No risks, all rewards – the perfect business model!
By Don Quijones, Spain & Mexico, editor at WOLF STREET.
December 22 was Christmas Lottery day in Spain. The so-called El Gordo (the fat one) is a landmark event in which thousands of people up and down the land win thousands – or even hundreds of thousands – of euros, while many others quietly curse their misfortune and slightly lighter wallets and purses, promising never to do it again, until next year!
Yet while the general public is barely able to contain its excitement over the tiny prospect of winning a few thousand euros, most people are blithely unaware that the Rajoy government is about to leave them holding a tab estimated to be worth €4.7 billion.
White Elephant Inc.
When it comes to squandering public money on white-elephant projects, Spain is in a league of its own. Its ill-fated infrastructure projects include ghost airports (including one that boasts Europe’s longest runway), high-speed-train stations located slap bang in the middle of nowhere, Valencia’s fast-crumbling City of Arts and Sciences, and hundreds of kilometres of empty toll roads. One way or another, taxpayers end up paying the price, sometimes twice.
Spain’s latest, and arguably most costly, white elephant project is the Castor Project, a madcap scheme to convert an abandoned oil field off the country’s Eastern coast into a natural gas storage facility. Many experts warned that the idea would not work and that the risks were too great, but they were summarily ignored.
The project was owned and developed by Escal UGS S.L., a Spanish company majority owned by Actividades de Construccion y Servicios SA, Spain’s biggest construction and infrastructure group. The funds used to finance the project included a €200 million letter of guarantee and €300 million in senior bonds provided by the European Investment Bank.
In 2013, Escal drilled 12 offshore wells and completed construction of offshore and onshore facilities. The problems began in September of that year when a series of small earthquakes was detected in the area surrounding the Castor Project. In total more than 500 tremors, the largest measuring 4.2 on the Richter scale, were felt in towns across a 125-mile stretch of coastline from southern Catalonia to the northern Valencia region. Under local pressure, the Spanish government eventually decided to suspend the project. In July 2014, Escal exercised its right to relinquish the concession to the Spanish authorities.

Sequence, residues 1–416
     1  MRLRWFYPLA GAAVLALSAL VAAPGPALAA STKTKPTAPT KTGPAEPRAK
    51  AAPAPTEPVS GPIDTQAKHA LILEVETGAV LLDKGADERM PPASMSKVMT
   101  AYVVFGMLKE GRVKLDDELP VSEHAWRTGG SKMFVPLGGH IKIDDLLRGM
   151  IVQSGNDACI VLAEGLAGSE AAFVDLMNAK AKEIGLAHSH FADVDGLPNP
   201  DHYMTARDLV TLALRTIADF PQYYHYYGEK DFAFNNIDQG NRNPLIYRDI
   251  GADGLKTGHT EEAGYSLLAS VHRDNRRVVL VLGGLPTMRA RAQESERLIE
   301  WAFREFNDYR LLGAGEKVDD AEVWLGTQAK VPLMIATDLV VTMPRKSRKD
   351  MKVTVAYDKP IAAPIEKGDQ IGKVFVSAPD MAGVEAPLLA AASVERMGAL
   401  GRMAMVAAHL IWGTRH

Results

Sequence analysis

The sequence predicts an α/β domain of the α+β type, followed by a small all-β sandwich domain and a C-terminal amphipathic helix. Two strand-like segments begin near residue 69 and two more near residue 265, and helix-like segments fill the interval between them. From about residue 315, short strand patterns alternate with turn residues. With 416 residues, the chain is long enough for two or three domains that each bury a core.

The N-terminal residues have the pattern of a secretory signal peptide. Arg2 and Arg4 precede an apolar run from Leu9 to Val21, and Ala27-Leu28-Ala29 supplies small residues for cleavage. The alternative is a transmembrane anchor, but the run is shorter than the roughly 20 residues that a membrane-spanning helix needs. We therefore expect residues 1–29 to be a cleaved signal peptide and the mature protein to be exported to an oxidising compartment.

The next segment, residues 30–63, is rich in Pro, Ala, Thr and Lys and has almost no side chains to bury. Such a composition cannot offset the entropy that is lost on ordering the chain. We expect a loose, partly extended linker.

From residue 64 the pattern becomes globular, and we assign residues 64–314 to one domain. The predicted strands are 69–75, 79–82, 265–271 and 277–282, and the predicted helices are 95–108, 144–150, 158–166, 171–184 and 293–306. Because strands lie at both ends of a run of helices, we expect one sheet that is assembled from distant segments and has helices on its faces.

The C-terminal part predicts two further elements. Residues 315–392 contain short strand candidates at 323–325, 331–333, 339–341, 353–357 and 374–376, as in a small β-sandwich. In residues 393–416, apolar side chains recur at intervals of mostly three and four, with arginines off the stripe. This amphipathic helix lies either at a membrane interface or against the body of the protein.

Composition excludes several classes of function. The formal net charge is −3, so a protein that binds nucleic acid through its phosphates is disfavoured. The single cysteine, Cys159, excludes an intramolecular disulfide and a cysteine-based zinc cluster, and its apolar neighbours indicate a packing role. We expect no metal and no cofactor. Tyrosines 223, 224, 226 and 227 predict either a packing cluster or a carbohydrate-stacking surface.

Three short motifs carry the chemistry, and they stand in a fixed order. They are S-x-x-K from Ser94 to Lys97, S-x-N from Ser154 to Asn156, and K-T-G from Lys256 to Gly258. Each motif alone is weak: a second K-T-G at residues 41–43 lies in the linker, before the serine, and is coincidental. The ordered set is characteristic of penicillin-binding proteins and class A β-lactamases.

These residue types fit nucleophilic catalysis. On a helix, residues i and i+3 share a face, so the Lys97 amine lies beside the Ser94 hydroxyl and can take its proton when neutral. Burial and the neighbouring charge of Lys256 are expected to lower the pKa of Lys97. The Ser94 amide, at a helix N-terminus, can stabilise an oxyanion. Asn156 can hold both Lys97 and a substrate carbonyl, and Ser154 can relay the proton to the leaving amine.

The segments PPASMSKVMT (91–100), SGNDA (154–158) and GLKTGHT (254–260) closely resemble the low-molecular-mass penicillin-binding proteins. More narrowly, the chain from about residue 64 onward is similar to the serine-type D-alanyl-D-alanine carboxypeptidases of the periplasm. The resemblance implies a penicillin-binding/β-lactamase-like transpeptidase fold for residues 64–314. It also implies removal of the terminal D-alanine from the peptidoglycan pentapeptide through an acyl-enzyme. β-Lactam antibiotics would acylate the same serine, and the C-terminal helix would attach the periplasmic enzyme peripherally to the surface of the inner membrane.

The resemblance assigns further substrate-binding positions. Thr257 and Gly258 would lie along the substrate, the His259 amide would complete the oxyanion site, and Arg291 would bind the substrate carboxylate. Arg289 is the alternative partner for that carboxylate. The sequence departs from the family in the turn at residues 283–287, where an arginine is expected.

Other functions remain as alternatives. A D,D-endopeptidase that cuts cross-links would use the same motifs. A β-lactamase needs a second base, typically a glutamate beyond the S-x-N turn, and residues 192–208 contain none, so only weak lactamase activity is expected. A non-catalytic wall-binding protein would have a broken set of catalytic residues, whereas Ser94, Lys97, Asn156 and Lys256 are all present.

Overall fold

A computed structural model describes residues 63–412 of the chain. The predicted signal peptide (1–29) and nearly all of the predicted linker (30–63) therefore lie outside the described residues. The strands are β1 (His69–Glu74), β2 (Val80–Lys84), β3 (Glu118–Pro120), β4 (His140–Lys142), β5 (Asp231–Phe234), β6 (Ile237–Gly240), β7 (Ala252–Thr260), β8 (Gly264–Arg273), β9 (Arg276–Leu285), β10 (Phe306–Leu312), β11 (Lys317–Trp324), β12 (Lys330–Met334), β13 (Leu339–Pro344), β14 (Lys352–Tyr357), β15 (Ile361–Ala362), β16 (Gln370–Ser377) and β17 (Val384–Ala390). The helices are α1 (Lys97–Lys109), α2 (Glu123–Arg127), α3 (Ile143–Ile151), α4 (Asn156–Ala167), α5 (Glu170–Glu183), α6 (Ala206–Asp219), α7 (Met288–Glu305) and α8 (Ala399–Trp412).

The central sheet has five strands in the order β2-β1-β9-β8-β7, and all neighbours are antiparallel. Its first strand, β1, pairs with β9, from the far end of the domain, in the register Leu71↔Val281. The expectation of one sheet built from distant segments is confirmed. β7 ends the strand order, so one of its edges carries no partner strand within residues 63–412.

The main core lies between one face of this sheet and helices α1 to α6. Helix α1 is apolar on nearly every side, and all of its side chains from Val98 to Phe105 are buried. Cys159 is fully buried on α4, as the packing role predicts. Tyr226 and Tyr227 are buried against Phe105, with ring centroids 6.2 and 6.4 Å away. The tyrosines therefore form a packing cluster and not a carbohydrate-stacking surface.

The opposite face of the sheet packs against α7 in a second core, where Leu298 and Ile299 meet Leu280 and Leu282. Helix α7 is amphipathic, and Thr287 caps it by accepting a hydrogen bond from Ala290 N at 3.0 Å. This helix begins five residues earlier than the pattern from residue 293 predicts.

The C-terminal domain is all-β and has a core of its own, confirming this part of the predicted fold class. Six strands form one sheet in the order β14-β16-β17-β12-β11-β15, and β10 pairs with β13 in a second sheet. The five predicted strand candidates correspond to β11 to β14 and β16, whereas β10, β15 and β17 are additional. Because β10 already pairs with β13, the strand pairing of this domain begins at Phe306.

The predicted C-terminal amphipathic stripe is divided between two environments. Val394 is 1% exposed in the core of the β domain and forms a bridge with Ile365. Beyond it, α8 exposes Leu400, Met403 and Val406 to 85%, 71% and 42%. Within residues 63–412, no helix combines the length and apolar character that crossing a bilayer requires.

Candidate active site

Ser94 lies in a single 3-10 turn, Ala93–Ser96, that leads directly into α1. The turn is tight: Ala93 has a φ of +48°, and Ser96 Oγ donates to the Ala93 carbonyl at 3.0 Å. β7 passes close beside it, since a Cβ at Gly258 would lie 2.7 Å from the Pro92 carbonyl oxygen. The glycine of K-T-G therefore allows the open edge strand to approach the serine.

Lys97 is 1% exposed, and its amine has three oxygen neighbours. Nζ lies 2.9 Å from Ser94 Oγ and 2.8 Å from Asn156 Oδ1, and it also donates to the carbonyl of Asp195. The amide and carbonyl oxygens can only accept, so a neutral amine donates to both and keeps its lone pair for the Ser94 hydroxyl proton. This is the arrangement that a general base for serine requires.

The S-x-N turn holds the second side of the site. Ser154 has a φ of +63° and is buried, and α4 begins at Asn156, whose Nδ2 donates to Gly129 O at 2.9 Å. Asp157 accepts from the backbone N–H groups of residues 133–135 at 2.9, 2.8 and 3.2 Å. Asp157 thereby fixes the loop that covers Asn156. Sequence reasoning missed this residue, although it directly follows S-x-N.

The government was more than happy to take the worthless gas storage facility off the company’s hands. It even changed Spanish law to ease the process. Once the law was changed it took just a week for Escal to get all its money back – all €1.35 billion of it.
ACS’s billionaire owner (and Real Madrid president) Fiorentino Perez was no doubt pleased by the promptness of the government’s response; for most normal people in Spain being owed money by the government is an interminable torment, lasting not days but months or even years. If you’re a small business it can be the death of you.
The High Price of Compound Interest
The €3.35 billion question is: how did €1.35 billion in costs (what was originally paid to Escal) more than triple in size, to become a total debt of €4.7 billion?
You see, the people who, thanks to the government, now owe the money – i.e. Spain’s seven million natural gas users, including yours truly – will not pay it off in one lump sum, which would have been very inconvenient before the crucial election last Sunday. Instead, it used its most creative minds to come up with an alternative form of payment. What they came up with was a monthly installment program lasting 30 years and debt financed by three of Spain’s biggest banks. Call it a win-win-win.
The installments will be tacked on the end of everyone’s gas bill, until the year 2046! For the three banks financing the deal — Bankia, itself a recipient of Spain’s biggest ever taxpayer-funded bailout, Catalonia’s Caixabank and Banco Santander — there’s the juicy inducement of receiving an annual interest rate of 4.27%, when the benchmark interest rate in Europe is currently 0.05%.
In sum, seven million Spanish households are now contractually tied into a 30-year debt deal they were never asked to sign, for something they never received, and in most cases never even wanted! Meanwhile, Fiorentino Perez and the European Investment Bank have been paid back in full, despite the fact that the Castor Project faces multiple lawsuits, both in Spain and Brussels. These lawsuits are unlikely to prevent the government from forcing Spanish gas companies to start recouping the €4.7 billion debt from ratepayers starting at the beginning of January.
Finally, it’s worth noting that ACS is one of a number of Spanish construction firms alleged to have donated millions of euros to the illegal multi-decade political kickbacks scheme run by Mariano Rajoy’s governing (for now) Popular Party. It’s no surprise that the company got all its money back in record time and with the least amount of fuss. No risks, all rewards – the perfect business model! Everyone else, meanwhile, can dream of winning the lottery. By Don Quijones, Raging Bull-Shit.
Picking a teetering, over-indebted, financially engineered corporation, hiring its CEO, then shorting the shares. What a deal! Read… Mother of all Shorts: How BlackRock Made a Killing from Spain’s Biggest Ever Corporate Meltdown